Amid all the talk of software-defined networking (SDN), there are some management elements that have gotten overlooked, and Google‘s Bikash Koley wants to solicit industry help to create them — preferably in open-source, vendor-neutral forms.
To that end, Google will be opening up models it’s developed for network configuration and for describing network topology, the Google principal architect said Tuesday at Light Reading‘s Big Telecom Event in Chicago.
Google’s goal here is to create an abstracted view of the network, so that you’re programming the abstraction, rather than manipulating individual devices. That way, you can write software that programs an arbitrary network.
The result would be a declarative networking model, one where an operator tells the network what to do rather than how to do it.
Google wants something that’s more open, though — something that could apply to arbitrary vendors and networks. Vendors’ ideas of policy-based networking tend to center on creating something like an XML version of what’s already in their command-line interfaces, Koley told me after his talk. He was talking about vendors, plural, so it’s more than a dig at Cisco; the problem is the lack of a universal, vendor-neutral declarative model.
The endgame of all this would be to extend SDN beyond the network boundary. You can do this now with BGP, but you’re only sending “hints” rather than your full intent, Koley said.
By contrast, a declarative model would let you describe the network topology you want — where “topology” could even include instructions such as keeping certain traffic out of a certain region of the network.
“We believe that there’s an extremely high value that you can derive by essentially having more intent-driven network traffic exchange,” Koley said. “We would love to have ISP partners, as well as vendors, that are willing to work on this on an open way.”
So, Google has a couple of projects it wants to open up:
1. A network configuration model, one that’s vendor-neutral and extensible, and that can apply to “pretty much anything in the network,” Koley said. Yang provides the vocabulary for doing it, but there’s still no industrywide network model for it to describe. “It’s like saying I have a dictionary, but I don’t have any story,” he said.
Google has started building that “story” out of Yang and is “eager to work with the industry” on fleshing it out, Koley said.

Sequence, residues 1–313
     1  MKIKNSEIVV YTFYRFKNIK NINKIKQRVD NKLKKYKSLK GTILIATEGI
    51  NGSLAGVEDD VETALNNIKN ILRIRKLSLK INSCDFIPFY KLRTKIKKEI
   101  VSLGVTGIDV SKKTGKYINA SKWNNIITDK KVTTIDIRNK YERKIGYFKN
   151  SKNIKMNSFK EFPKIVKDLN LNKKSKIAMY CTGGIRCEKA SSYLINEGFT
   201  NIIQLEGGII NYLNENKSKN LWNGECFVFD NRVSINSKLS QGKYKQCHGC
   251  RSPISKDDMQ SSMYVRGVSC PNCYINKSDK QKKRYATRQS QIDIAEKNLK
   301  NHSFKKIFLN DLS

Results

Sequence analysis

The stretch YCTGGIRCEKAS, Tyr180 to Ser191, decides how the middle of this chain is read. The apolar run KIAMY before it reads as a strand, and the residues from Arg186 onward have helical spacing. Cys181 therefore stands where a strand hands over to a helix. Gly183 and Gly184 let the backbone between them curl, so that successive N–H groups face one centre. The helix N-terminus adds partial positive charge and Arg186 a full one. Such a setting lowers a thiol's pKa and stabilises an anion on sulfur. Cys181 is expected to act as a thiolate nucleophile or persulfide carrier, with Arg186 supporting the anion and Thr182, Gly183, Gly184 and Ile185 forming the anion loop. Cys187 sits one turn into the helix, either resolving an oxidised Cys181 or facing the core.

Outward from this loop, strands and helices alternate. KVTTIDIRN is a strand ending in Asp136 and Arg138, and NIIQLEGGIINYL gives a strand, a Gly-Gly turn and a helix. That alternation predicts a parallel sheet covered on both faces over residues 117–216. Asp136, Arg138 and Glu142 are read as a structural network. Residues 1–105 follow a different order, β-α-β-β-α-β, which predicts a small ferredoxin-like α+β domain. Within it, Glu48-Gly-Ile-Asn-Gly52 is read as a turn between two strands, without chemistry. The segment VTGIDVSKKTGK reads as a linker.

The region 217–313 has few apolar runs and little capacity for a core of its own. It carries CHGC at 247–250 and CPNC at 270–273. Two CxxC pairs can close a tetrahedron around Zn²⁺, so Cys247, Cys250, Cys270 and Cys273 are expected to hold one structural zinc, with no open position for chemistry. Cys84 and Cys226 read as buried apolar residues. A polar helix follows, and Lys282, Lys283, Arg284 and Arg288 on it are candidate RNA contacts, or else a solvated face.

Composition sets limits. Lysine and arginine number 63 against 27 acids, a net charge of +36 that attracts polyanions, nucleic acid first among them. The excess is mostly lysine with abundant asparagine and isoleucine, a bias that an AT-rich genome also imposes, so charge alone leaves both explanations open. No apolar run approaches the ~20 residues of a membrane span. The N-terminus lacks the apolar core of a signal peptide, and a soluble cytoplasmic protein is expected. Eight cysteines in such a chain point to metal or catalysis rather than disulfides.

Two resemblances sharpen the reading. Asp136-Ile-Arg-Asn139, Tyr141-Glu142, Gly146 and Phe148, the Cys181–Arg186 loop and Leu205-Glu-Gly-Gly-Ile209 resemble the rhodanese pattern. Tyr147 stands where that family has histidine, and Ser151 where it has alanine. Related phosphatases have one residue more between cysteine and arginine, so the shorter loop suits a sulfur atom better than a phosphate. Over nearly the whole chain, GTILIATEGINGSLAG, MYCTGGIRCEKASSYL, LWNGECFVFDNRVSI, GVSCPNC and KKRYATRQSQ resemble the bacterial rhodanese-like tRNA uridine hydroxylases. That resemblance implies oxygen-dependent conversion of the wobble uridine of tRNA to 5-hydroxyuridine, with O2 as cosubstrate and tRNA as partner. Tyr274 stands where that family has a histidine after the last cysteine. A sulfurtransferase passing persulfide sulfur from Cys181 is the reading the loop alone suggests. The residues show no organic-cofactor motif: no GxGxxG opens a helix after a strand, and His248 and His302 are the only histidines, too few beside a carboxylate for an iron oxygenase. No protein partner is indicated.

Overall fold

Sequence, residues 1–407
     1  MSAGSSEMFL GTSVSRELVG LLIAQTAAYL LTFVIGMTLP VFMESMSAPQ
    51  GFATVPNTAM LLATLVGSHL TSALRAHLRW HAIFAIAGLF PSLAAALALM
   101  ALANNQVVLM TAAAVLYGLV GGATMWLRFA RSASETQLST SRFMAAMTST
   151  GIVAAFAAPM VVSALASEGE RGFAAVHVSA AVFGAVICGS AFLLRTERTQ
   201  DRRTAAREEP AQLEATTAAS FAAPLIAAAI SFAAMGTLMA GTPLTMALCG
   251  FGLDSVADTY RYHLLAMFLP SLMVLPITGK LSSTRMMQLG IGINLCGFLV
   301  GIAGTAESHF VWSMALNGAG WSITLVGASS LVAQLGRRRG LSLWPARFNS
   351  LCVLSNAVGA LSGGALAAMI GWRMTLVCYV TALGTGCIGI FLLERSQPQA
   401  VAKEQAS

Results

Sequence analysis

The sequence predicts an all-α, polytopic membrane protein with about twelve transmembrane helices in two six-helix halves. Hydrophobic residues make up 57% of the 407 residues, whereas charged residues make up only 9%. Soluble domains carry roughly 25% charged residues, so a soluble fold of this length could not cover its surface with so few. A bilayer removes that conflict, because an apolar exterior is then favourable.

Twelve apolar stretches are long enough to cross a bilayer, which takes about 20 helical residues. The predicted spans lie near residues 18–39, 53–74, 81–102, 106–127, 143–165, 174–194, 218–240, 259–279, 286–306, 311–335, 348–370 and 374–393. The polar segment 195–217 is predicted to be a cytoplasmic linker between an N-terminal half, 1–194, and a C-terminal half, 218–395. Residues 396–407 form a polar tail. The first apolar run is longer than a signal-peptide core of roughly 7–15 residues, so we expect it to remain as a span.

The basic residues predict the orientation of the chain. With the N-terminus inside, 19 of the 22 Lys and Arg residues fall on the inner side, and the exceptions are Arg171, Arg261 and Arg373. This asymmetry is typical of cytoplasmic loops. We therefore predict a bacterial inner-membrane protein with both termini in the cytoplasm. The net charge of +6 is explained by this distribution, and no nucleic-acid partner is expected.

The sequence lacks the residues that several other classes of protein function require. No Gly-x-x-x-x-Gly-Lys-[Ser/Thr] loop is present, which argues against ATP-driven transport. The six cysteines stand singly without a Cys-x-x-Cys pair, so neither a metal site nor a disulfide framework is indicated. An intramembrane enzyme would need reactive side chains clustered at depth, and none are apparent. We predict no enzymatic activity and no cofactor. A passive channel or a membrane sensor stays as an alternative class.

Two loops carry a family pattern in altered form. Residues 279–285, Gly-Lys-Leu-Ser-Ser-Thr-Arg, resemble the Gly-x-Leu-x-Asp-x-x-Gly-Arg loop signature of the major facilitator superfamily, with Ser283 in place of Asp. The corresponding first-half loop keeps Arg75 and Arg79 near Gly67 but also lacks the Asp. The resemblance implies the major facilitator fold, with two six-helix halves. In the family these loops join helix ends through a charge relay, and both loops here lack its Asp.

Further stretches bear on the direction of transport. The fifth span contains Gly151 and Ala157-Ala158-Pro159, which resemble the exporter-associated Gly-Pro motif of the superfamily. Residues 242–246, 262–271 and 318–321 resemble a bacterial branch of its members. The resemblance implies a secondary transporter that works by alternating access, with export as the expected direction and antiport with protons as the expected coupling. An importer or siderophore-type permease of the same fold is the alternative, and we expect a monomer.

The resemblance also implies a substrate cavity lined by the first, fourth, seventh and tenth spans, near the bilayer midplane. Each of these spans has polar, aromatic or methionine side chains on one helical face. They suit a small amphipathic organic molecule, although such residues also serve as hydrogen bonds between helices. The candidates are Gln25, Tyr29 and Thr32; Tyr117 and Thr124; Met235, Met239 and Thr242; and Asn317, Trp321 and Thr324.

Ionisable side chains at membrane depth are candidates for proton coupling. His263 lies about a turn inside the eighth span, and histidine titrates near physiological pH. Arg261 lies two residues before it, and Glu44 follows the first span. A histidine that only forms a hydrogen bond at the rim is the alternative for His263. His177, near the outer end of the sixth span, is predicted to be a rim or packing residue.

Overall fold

2. A full Layer 0-7 topology model — that is, a consistent way of describing what’s in a network, from the fiber-optics up to the applications. As you might imagine, this is a harder problem.
One of the challenges, as Koley told me during a conference break, was to get the model to fit in a reasonable amount of space. (The problem becomes a little less difficult if you’re willing to transmit massive, director’s-cut-sized files every time you want to tell someone your topology.) The use of Protocol Buffers (a.k.a. protobuf), a data format Google previously created for servers, was key in creating a usable topology model, because it’s more capable than XML when it comes to transferring large chunks of data, Koley said.
An industry-standard topology model would make it possible to create useful network abstractions, which in turn would bring a programmable network closer to reality, Koley said.
Opening It All Up
Google wants to open both items as baselines for possible open-source management elements. The IETF is a likely venue for starting the dialogue and soliciting contributions, Koley said.
One thing Koley did not address — and I didn’t get a chance to ask about — are the group policy projects being developed in the OpenStack Foundation and the OpenDaylight Project, or the OpenStack Congress project to define policy for cloud services in general. These don’t precisely address the details Koley talked about — they certainly aren’t tackling that Layer 0-7 model, as far as I know — but if they remain open enough, they would be of help in creating the declarative network Koley talked about.